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A beloved member of the children’s literature canon has died.
Eric Carle, the author and illustrator of dog-eared classics such as “The Very Hungry Caterpillar” passed away May 23 at 91, his publisher, Penguin Kids, announced on Twitter.
His family also shared a brief memorial poem on his website: “In the light of the moon / holding on to a good star / a painter of rainbows / is now traveling across the night sky.”
No cause of death was listed.
Carle’s books, many of which centered on nature and animals in his recognizable graphic interpretations, were some of the top selling children’s books of all time.
“Thank you for sharing your great talent with generations of young readers. #RememberingEricCarle,” a tweet from Penguin Kids read on Wednesday, quickly racking up hundreds of likes from his devoted following.
Carle, who was born in Syracuse, NY, illustrated more than 70 children’s books across his career, which began when he was nearly 40, but followed a lifetime of art.
“I think it started with my father. He took me for long walks and explained things to me,” he told NPR in 2007 of his nature walks where the two would spot out the types of things that ended up the pages of his books — ladybugs, spider webs and bird nests, for example.
When his family moved to Germany just before the start of the second World War, he gained an appreciation for the explosion of colors that came to be his trademark.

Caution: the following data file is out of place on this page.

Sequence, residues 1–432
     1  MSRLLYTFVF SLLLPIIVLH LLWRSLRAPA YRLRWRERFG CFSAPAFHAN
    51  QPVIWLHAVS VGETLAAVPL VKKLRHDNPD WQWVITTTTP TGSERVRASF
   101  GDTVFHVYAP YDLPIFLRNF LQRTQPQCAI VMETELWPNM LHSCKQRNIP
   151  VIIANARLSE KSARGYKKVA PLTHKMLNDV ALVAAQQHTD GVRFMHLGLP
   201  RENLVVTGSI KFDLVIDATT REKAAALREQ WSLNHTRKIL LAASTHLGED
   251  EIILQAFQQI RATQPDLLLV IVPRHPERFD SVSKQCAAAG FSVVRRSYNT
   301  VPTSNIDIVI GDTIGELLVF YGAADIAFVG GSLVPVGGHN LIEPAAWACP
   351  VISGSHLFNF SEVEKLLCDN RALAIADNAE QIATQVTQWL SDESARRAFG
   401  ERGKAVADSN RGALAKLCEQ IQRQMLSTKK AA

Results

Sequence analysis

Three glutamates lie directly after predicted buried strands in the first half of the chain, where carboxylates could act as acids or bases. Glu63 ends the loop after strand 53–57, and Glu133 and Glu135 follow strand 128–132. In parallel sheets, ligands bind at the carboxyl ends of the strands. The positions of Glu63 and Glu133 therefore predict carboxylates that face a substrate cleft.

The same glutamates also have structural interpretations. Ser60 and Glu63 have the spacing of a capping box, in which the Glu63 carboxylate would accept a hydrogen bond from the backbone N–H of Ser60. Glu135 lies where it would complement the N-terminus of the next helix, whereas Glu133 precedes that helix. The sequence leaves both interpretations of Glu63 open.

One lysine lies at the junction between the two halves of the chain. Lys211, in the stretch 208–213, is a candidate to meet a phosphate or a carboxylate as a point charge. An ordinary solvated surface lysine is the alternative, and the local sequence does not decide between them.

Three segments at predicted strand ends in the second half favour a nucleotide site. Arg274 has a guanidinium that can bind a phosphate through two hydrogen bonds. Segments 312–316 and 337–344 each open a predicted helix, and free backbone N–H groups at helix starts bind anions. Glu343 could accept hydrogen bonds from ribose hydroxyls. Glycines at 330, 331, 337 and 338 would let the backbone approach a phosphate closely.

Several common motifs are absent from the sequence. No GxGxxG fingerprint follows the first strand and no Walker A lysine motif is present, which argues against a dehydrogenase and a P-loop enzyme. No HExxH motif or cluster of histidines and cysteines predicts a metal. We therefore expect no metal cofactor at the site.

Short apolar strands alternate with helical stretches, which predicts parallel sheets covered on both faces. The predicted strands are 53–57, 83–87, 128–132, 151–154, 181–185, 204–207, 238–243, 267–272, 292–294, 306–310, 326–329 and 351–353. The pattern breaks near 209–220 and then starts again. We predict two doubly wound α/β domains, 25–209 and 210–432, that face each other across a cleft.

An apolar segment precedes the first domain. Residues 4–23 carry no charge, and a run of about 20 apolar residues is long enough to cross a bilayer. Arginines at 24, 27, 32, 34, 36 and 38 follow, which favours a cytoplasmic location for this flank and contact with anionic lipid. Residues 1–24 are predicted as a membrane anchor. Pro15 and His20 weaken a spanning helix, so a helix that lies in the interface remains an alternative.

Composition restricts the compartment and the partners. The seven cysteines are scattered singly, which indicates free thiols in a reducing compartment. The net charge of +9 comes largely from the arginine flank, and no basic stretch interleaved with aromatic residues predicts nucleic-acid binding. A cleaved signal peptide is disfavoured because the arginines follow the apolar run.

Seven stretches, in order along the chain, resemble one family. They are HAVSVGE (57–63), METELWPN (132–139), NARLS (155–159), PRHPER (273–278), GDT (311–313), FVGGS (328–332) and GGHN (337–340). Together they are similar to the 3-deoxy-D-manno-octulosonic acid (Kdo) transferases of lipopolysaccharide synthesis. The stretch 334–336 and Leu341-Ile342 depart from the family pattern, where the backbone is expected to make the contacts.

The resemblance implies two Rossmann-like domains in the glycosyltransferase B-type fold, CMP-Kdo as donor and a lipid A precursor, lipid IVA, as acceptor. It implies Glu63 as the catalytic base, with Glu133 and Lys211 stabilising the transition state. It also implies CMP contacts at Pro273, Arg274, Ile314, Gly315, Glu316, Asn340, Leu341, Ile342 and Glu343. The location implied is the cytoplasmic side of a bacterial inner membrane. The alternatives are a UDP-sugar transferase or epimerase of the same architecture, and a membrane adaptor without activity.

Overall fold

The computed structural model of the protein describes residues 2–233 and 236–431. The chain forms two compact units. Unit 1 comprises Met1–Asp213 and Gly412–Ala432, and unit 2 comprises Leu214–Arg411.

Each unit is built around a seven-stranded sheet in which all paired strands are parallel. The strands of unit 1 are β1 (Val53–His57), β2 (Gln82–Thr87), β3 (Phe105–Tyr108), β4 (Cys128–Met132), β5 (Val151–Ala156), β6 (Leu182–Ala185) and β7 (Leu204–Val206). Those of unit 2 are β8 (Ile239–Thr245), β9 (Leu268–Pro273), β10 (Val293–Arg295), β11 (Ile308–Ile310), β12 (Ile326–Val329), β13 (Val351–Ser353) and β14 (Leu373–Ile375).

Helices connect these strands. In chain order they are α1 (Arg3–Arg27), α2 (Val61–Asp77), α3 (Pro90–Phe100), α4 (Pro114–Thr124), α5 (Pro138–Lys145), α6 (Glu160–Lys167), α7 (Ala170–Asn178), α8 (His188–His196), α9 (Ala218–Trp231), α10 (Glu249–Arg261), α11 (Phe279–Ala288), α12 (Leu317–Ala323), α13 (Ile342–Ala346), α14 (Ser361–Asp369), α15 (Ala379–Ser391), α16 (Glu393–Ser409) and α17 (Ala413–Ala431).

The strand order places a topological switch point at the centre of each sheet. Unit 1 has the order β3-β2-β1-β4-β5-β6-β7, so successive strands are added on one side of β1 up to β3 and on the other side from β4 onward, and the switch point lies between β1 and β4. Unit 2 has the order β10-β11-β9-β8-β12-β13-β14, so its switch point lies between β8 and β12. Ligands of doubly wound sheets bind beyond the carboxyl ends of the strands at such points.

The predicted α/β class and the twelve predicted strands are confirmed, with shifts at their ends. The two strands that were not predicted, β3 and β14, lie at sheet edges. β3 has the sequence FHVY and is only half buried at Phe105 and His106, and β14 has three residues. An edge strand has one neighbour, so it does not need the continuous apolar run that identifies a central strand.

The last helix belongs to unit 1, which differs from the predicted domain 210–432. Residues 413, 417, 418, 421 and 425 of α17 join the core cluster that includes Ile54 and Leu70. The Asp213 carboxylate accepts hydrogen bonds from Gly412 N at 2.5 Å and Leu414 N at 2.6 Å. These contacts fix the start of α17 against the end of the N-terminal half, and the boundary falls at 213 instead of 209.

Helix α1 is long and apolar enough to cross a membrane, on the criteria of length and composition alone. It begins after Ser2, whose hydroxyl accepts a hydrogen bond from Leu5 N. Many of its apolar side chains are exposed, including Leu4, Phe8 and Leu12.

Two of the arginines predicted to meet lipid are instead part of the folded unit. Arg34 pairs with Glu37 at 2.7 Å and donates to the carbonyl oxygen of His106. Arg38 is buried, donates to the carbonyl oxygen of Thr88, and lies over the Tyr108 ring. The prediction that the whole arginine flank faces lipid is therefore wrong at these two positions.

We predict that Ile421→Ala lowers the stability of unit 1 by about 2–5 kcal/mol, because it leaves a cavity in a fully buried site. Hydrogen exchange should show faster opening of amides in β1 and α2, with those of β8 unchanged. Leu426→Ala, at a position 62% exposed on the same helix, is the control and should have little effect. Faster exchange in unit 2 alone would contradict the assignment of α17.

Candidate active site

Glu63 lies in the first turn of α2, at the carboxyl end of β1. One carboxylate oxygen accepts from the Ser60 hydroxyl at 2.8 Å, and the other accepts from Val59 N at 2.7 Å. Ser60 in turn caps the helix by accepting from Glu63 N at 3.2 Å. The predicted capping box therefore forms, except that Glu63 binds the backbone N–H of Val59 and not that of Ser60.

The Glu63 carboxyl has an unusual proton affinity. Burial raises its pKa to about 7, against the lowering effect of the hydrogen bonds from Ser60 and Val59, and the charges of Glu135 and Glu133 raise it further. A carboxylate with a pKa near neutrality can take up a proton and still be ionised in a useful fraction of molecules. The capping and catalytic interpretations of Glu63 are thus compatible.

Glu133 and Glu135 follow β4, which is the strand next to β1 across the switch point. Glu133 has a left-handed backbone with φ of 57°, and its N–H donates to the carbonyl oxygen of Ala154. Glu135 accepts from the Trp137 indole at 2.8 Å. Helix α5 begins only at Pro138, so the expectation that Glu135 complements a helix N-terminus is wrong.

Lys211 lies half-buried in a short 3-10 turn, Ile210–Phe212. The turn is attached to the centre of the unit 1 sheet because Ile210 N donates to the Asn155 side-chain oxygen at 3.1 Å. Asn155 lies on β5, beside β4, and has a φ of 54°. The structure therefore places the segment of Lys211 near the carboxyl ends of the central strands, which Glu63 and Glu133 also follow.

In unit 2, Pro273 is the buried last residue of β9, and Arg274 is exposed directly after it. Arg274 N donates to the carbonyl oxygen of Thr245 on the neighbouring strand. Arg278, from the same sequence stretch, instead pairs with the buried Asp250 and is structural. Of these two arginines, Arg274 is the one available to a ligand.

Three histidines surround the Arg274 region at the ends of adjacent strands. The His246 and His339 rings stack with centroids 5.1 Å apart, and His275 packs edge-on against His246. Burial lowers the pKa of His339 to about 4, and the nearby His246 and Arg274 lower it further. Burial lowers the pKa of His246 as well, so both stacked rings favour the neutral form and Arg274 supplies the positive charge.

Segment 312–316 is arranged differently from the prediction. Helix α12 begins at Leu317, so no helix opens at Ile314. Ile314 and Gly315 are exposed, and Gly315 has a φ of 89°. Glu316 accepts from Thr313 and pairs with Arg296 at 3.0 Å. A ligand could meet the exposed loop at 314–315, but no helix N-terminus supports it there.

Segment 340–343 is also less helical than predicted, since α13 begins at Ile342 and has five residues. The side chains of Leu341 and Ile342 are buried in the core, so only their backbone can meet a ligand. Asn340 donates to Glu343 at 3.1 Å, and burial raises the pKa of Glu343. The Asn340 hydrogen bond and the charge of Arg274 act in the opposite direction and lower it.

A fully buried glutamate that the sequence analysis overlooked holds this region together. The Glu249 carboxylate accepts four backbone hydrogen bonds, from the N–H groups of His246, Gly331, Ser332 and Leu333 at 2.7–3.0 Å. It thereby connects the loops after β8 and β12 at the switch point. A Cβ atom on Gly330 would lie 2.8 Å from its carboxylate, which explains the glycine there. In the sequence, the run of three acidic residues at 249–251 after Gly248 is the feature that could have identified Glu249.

“During the war, there were no colors,” he said. “Everything was gray and brown and the cities were all camouflaged with grays and greens and brown greens and gray greens or brown greens, and … there was no color.”
Other memorable titles Carle illustrated included “Brown Bear, Brown Bear, What Do You See,” published in 1967 and of course his caterpillar classic, which he also wrote, in 1969.
Fans of Carle’s shared their memories and condolences on Twitter when the news was announced Wednesday.
“Deeply saddened by this news,” wrote user @lafcreative. “He gave us all a truly vibrant view of our world through the wellspring of his creativity. My childhood was shaped by his work and the passion he created it with will forever be an inspiration.Grateful for the legacy of his unique art & joyful spirit.”
“Thank you Eric Carle! We just watched your Mister Rogers episode a few days ago and it was wonderful. Thank you for all of your beautiful work,” wrote @ingridmeilan.
“Can’t even count how many times I read his books to my kiddos,” remembered @LoriSamuels18.
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